Vitrified Sand tubes Enlarge
British Mineralogy
Quartzum vitrificatum

Vitrified Sand tubes

  • Syn.
    • Vitreous tubes. Trans. of Geo. Soc. vol. 2. p. 528.
    • Ceraunian Sinter. Syn. Brit. Mus. p. 16.
    • Blitz-Sinter.

’Ere I terminate this work I have the satisfaction to add the figure of another phenomenon almost as extraordinary as the Meteor stones, and nearly as difficult to conjecture the origin of, although we see it must be of comparatively recent formation. That tubular accretions of sand should be formed in a sand bank, forty feet above the sea, on the coast, with every apparent sign of vitrification within, is certainly much out of the usual course of nature's operations. The discovery of these tubes was made by E. L. Irton, Esq. at Drigg, in Cumberland; who perceived the ends standing above the loose sand like little chimney pots; they were exposed by the drifting of the sand. Mr. Irton’s zeal for investigating them had nearly cost him his life, for he got buried up to his throat in sand while searching for their terminations: in 1812 he bad followed one to the depth of fifteen feet, and next year the sand had been carried away to more than that depth by the wind, and the excavation was continued to twenty-nine feet, whore the tube, which had hitherto followed a perpendicular course, met with a bed of pebbles, and was united to one composed of a greenish grey hornstone porphyry; here its course was rendered oblique for a short distance, but it resumed its perpendicular direction; it was much diminished in diameter, but the termination was lost, after proceeding another foot, by the sand falling in. There were three tubes found near each other on one bank, others have been met with in the neighbourhood, but they are so brittle that the wind soon destroys them, and they can only be discovered soon after the wind has removed the surface of the sandbanks; they are generally inclined, and have a few short reflected branches (one specimen was furcated); when they enter the bed of pebbles above mentioned, they pass in a zigzag direction from one stone to another, and are then gradually lost in a dark colour given to the sand: they are seldom straight in any part of their length, and are often perforated by small holes:* the sides are always much and very irregularly plaited so as sometimes even to meet and close the tube; their greatest diameter at the top is about two inches; the branches are often not more than the fourth part of an inch wide and are short: the interior is smooth and shining hut uneven, composed of a difficultly fusible transparent and whitish glass, containing a few vesicles and some dark grey specks; the outside is much corrugated and rough from the adherence of the sandy granules. The sand near them is changed to a dark grey from a pale reddish colour, by the blackening of the redder grains, and the white granules of Quartz have become opaque. The origin of these tubes appears to be well explained at the end of the second volume of the Geological Society’s Transactions, where it is shown that the sand consists of grains of greenish black fusible hornstone porphyry and Quartz, but that there is not enough of the former to flux the Quartz, except in a heat urged by oxygen gas; by the help of which a similar glass might be produced—and that the banks are in a favourable situation for discharging the electricity of the clouds coming from the sea; that the sand being an imperfect conductor would be perforated in the way a quire of paper or a glass jar is sometimes done by electricians; now the heat of a flash of lightning is more than equal to that produced in small experiments in oxygen, and, therefore, would very probably fuse the sand in its passage; the pressure of the surrounding sand would wrinkle the sides of the tubes before they could cool and thus give them their irregular form. Their terminations, among the moist gravel at high watermark, discovered since the publication of the Transactions, serves to strengthen this theory; it is observed also, from the shifting nature of the sand banks, the tubes must be of recent formation. I am indebted to C. König, Esq. of the British Museum, for the following information:—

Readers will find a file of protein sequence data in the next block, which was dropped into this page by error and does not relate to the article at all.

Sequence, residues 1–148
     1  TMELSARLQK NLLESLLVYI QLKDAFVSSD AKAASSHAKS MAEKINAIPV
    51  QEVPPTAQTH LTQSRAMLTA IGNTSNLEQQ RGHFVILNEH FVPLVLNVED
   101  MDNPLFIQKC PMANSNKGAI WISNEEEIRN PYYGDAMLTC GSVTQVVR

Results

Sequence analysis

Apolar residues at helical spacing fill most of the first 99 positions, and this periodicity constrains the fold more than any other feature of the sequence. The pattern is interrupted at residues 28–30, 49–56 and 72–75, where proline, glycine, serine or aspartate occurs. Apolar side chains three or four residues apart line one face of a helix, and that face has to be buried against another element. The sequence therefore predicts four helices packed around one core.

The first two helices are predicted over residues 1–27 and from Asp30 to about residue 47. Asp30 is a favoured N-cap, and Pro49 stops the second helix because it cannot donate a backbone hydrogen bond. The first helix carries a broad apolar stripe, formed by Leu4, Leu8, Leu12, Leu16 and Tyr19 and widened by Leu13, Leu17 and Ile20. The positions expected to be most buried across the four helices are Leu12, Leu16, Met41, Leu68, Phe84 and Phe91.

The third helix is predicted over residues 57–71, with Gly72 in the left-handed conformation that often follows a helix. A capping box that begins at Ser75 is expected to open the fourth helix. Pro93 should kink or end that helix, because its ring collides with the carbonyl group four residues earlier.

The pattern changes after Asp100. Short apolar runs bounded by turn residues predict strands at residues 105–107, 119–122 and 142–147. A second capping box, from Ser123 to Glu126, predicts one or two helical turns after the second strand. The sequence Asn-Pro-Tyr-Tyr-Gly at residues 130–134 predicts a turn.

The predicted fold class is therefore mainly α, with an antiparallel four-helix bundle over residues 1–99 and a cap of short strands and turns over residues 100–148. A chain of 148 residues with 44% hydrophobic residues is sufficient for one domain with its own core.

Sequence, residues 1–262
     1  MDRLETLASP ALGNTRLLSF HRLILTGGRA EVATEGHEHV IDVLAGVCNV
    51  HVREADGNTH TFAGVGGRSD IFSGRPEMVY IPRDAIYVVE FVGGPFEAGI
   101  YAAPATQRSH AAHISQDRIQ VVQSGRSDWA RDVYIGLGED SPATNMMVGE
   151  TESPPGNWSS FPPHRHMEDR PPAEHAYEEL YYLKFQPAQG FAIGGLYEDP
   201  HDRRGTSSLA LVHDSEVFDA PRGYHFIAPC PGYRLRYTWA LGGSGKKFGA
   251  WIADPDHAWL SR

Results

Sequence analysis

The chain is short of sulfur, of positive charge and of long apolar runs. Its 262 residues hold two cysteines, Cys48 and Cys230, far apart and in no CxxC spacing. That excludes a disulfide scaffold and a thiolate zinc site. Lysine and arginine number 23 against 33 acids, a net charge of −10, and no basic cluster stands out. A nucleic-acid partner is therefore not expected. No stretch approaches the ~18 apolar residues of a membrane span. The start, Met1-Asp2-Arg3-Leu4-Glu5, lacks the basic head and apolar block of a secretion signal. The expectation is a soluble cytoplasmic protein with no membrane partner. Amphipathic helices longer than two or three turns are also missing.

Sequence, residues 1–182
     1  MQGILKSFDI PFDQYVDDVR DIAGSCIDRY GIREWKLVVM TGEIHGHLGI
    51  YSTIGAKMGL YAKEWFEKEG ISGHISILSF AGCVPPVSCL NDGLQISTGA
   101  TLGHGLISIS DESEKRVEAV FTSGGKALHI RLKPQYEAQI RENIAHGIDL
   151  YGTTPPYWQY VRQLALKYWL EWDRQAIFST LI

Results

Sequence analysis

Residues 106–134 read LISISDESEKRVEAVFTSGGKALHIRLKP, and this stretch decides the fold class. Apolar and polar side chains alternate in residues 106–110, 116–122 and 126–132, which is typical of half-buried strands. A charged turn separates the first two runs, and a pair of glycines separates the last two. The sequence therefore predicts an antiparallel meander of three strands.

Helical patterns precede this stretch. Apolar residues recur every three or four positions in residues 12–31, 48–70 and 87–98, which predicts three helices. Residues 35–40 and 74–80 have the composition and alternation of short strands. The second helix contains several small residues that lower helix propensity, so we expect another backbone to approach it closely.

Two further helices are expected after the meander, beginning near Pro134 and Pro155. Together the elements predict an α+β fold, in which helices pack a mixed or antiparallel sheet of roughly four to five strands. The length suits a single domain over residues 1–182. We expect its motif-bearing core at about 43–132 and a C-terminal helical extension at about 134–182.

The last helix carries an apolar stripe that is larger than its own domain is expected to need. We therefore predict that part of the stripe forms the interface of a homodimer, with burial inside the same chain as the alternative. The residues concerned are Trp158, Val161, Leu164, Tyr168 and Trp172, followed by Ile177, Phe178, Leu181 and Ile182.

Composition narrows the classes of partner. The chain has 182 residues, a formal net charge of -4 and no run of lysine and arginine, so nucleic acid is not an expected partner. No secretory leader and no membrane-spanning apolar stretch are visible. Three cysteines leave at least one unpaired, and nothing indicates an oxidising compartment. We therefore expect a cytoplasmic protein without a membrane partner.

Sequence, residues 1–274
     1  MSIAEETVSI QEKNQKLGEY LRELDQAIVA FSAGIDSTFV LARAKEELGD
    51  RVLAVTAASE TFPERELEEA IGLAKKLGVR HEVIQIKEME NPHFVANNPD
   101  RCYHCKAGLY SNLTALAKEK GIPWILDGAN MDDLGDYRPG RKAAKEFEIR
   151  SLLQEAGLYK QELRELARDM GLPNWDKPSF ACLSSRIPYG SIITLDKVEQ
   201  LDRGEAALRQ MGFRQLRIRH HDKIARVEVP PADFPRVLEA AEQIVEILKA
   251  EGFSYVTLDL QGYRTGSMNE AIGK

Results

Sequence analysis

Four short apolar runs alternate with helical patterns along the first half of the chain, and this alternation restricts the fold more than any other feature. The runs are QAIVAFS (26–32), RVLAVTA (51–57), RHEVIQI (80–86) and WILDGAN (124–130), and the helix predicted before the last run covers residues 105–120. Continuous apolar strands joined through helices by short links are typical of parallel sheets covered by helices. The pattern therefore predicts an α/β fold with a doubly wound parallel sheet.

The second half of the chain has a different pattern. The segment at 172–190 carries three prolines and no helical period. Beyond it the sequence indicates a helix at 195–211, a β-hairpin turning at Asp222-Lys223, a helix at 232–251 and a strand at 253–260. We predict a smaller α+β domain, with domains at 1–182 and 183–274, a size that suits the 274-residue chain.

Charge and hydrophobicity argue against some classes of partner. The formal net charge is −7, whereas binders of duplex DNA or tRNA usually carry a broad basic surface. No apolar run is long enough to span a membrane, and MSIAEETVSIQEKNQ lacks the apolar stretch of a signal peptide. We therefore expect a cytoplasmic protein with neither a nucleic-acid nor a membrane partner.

“These sand tubes were first observed in the Senner Heide, (Setraer Heath) in the county of Lippe, in Germany, where, on account of their being considered as the results of lightning, they are known by the name of Blitz-Rohren (lightning tubes). The form of the German tubes is exactly like that of the English ones, but they are frequently not more than ft quarter of an inch in diameter. I understand they are referred by Emmerling and Lentz to the Kiesel Sinter of Werner: the latter author calls this variety Blitz Sinter from its supposed origin.”

  • * Our specimen in the Geological Society’s collection is so much perforated as to resemble lace.
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